Figure 1. The original datasets (filtered intensity, top left, and aerial photography, topright) used to produce two different inundation maps (resultant map directly belowparent dataset). Note that inundation patterns are more distinct in the LiDAR intensityimage and resultant inundation map. Adapted from Lang and McCarty 2009.water is easily confused with decreasedreflectance in areas affected by shadow.Conversely, reflectance off of a treecanopy, even during the leaf-off period,is more similar to reflectance from noninundated soils and organic debris (Langand McCarty 2009). These influencesare generally absent from or can beremoved from LiDAR intensity data.Although largely untapped, the potentialof LiDAR intensity data to betterunderstand fundamental ecosystemprocesses and improve land coverclassification is strong. This was the firststudy to examine the ability of LiDARintensity to map inundation below theforest canopy. A later study found thatLiDAR intensity data have the potentialto assist with the relative differentiationof deciduous forests with varyingdegrees of surface wetness and,therefore, wetland status within thecoastal region of North Carolina(Newcomb and Lang 2011), supportingthe conclusions drawn by Lang andMcCarty (2009). Although there areinherent limitations of LiDAR intensitydata, including the fact that the data aretypically uncalibrated (i.e., standardized)between LiDAR collections and thatthey are sensitive to the angle at whichthe laser interacts with the Earth’ssurface, these weaknesses can be greatlyreduced through the interpretation of3LiDAR intensity data within onecollection and the use of these data inareas of relatively low topographicvariability, such as the Coastal Plain.Furthermore, intensity data are oftenincluded with LiDAR elevation data forlow or no cost. Therefore, it makes senseto take advantage of this relativelyuntapped data stream when LiDARintensity data are well suited for projectneeds. This statement is particularlyrelevant given the often limitedavailability of suitable imagery forwetland mapping and characterization.LiDAR-Derived Topographic MetricsDEMs can be used to predict themovement and distribution of water andthus relative wetness across thelandscape. Whereas LiDAR intensitydetects the presence of water, LiDARbased topographic metrics can predictthe potential distribution of wateraccumulation across the landscape.Multiple types of topographic metricscan be produced using DEMs and usedto infer relative wetness. These metricsrelate to physical controls on waterdistribution. For example, thetopographic wetness index is acommonly used topographic metricbased on slope and contributing area andis expressed as ln(α/tanβ), where α is theupslope contributing area per unitcontour and tanβ is the local topographicgradient (Beven et al. 1995). Although βhas been calculated using a fairlyconsistent methodology, methods usedto calculate α vary considerably basedon the applied flow-routing algorithm(Lang et al. 2012). Numerous flowrouting algorithms are available,including the commonly used D8(distribution of flow to one neighboringcell); the somewhat more distributed D (distribution of flow to 1 or 2neighboring cells); and FD8, whichdistributes flow to all neighboringpixels. These algorithms proportion flowaccording to slope with greater slopeleading to increased allocations of water.The following section describes a studythat investigated the ability of multipleLiDAR DEM-derived topographic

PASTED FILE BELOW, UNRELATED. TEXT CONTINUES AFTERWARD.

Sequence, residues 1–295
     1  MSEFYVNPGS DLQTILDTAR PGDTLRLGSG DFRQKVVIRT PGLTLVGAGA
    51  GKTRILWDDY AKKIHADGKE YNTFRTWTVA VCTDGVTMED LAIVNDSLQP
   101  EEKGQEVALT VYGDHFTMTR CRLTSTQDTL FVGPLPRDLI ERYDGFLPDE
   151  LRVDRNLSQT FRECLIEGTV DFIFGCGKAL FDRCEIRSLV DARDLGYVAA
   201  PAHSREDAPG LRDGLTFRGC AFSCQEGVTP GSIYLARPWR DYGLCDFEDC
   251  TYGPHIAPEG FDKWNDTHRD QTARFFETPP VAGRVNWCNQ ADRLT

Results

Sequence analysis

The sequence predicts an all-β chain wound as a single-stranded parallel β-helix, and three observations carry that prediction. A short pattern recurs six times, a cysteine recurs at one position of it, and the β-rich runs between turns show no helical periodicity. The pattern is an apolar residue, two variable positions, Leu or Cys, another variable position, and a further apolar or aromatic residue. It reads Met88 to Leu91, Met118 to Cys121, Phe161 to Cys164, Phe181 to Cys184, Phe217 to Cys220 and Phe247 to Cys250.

metrics, including three topographicwetness indices computed usingdifferent flow routing algorithms, to mapwetlands in the Choptank RiverWatershed on Maryland’s Coastal Plain(Lang et al. 2012).Topographic metrics were calculatedusing a DEM derived from LiDAR datathat were collected when very littleflooding was present within study areawetlands. It is critical to collect LiDARdata for topographic analysis whenflooding is not present since floodingoften leads to inaccurate and/orundependable elevation measurements.For this reason data were collected inDecember 2007 during a relatively dryperiod with very little wetlandinundation on the landscape. Theresultant LiDAR data were used togenerate a 9.84 ft (3 m) gridded DEMwhich was subsequently filtered beforeapplying multiple algorithms to producefive different topographic metrics (Langet al. 2012). Topographic wetnessindices were produced using the basicequation detailed above and the D8, D ,Figure 2: Topographic index products including the enhanced topographic wetness index (A), local terrain normalized relief (B), andthe relief enhance topographic wetness index (C), LiDAR intensity during an average (D) and dry spring (E), and false color nearinfrared aerial photograph (F; collected coincident to D) of a forested wetland complex. All images have been overlaid with a wetlandmap produced for the Maryland Department of Natural Resources. On the topographic index products, wetter areas are blue (morelikely to be wetlands) while drier areas are red (less likely to be wetlands). Inundated areas are black on the LiDAR intensity images.Adapted from Lang et al. 2012.4